Parasitic rate : Rate due to the compliances in suspension. The bushings in the suspension can also provide certain vertical stiffness and needs to be accounted for if you want to arrive at the exact spring rate required.
Wheel Travels : The wheel center displacement at a certain load. When the wheel goes in the bump, it is called jounce travel or when it goes in trough its called rebound travel. The maximum allowed jounce and rebound travels are also design specifications that are considered while designing the suspension.
Ride Height: It is a measure of ground clearance and where the vehicle sits under its own weight in the wheel rate curve.
Ride Frequency: The undamped frequency at which the sprung mass will resonate or bounce is called the ride frequency. This is the same as the sprung natural frequency. Since the front and rear will resonate or bounce at different frequencies, we typically reference a front and rear ride frequency. The reason the front and rear have different ride frequencies is to reduce the pitch of the vehicle over bumps. Also the ratio of front/rear is called frequency ratio. The rear ride frequency is typically higher than the front, so that after encountering a bump, the rear will “catch up” with the front, and the front and rear will move in phase.
The process of finding a suitable spring stiffness comprises of following steps:
- Ride frequencies and ratio can be used to determine the ride rates with the given sprung mass.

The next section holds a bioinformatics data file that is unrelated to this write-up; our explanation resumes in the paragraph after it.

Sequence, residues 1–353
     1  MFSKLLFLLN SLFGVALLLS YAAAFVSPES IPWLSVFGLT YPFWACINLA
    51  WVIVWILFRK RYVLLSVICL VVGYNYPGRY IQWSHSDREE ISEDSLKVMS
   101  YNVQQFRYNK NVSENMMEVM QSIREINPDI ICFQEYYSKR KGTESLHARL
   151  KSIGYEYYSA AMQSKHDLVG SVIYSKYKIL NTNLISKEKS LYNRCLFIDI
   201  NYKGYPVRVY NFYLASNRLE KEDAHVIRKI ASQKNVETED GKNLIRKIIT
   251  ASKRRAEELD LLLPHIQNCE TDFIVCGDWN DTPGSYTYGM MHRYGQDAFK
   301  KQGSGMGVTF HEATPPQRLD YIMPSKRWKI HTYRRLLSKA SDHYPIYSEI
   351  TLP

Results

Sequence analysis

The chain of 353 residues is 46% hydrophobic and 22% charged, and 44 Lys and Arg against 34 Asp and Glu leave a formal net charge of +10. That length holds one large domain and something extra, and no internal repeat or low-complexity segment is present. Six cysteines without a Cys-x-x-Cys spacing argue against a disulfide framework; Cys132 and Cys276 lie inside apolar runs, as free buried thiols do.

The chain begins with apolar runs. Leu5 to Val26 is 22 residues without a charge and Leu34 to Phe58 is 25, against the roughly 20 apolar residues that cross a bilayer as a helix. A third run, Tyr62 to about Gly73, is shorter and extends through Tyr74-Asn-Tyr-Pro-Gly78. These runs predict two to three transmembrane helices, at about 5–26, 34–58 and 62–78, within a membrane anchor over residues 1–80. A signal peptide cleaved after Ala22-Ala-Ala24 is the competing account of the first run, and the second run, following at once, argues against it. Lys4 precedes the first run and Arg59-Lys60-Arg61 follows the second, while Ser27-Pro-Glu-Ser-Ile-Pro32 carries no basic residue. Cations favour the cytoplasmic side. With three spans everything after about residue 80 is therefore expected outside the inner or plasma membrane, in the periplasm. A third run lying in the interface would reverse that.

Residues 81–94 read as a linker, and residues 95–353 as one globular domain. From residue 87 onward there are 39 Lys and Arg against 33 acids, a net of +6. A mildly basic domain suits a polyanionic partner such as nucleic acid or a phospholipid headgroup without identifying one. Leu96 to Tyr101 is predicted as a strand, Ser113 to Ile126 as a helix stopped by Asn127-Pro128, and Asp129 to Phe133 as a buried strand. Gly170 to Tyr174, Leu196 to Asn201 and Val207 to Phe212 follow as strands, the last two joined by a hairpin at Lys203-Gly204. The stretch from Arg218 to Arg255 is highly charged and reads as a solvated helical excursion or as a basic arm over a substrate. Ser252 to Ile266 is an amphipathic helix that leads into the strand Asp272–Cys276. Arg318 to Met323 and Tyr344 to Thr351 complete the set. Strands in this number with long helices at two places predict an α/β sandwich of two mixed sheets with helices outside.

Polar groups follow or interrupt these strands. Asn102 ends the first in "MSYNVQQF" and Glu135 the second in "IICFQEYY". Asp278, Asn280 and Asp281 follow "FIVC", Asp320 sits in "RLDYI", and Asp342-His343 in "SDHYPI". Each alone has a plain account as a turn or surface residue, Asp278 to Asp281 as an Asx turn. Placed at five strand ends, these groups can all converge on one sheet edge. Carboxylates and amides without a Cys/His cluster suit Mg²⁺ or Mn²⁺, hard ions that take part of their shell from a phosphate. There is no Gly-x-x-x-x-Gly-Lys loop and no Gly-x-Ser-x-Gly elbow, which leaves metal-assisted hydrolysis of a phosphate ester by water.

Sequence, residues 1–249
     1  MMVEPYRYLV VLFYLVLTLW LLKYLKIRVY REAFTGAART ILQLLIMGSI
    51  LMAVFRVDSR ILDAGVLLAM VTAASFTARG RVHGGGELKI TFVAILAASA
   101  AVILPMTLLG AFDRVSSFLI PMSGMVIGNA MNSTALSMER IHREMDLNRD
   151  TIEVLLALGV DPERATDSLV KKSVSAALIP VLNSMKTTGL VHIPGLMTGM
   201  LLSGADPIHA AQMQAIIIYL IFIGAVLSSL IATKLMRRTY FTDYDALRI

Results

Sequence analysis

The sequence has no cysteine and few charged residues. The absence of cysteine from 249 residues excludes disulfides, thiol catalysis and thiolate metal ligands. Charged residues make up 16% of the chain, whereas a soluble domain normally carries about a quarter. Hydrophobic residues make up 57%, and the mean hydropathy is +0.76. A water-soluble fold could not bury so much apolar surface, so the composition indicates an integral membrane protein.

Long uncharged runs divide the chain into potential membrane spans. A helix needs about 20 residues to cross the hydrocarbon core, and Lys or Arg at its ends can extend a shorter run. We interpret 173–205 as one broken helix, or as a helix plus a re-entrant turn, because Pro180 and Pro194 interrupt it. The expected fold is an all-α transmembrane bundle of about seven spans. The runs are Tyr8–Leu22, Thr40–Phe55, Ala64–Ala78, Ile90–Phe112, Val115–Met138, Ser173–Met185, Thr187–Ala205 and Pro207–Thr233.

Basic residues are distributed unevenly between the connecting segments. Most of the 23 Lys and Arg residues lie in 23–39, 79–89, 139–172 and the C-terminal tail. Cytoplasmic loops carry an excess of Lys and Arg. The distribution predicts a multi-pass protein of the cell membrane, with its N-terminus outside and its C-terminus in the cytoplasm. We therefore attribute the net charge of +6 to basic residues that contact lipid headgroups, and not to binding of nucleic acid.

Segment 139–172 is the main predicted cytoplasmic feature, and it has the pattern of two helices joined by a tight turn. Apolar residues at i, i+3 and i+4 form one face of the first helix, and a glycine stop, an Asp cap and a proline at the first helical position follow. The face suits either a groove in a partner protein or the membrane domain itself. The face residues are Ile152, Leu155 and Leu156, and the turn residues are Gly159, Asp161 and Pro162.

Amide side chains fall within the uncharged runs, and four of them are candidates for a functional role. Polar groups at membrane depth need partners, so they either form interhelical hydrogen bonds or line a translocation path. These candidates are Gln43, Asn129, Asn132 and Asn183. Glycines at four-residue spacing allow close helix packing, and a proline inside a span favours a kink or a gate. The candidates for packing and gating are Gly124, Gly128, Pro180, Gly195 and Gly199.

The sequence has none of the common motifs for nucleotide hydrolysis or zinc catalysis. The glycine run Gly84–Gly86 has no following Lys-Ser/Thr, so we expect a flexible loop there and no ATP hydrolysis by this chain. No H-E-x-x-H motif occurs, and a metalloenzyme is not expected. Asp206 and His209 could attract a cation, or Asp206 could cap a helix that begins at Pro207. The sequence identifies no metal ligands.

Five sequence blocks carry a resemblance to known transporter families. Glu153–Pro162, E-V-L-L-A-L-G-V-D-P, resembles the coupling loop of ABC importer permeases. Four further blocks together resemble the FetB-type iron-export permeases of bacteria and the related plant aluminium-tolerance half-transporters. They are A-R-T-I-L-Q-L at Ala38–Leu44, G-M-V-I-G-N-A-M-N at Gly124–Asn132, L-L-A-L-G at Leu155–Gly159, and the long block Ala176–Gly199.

- Ride rate from step 1 and the tire rate can give you the wheel rate.
- Spring rates then can be determined from the wheel rates with a known motion ratio and parasitic rates.
It is usually an iterative process where different parameters are varied to arrive at a desired solution. Lower frequencies lead to softer suspension while higher frequencies produce hard suspension. Motion ratio can be used to change spring rate for same wheel rate but is usually constrained by packaging and geometry. Tire rates and bushing parasitics can also be changed by adopting different tires/bushes but they are usually bounded by other design criteria.
Preloads in the spring
Compressing or adding the preload in the spring would mean that the spring would not compress further until that extra force due to preload is overcome. In the wheel rate graph, this just offsets the graph upwards (assuming you have force on y and displacement on x) without changing the wheel/ spring rate.
Preloads can change the ride height and jounce/rebound wheel travel. Once the total wheel travel required is determined, ride height of the vehicle/ spring preloads can be adjusted to achieve the desired jounce/rebound travel.
There are recommended value for the ride frequencies and their separation in terms of front and rear. It is common to run a spring frequency higher in the rear than the front. The idea is to have the oscillation of the rear suspension catch up with the front as vehicle bounce is less annoying to human perception than the vehicle pitch.
Since the delay between when the front suspension hits a bump and the rear suspension hits that bump varies according to vehicle speed, the spring frequency increase in the rear also varies with speed.
I guess thats all for now
Written while listening to The Lumineers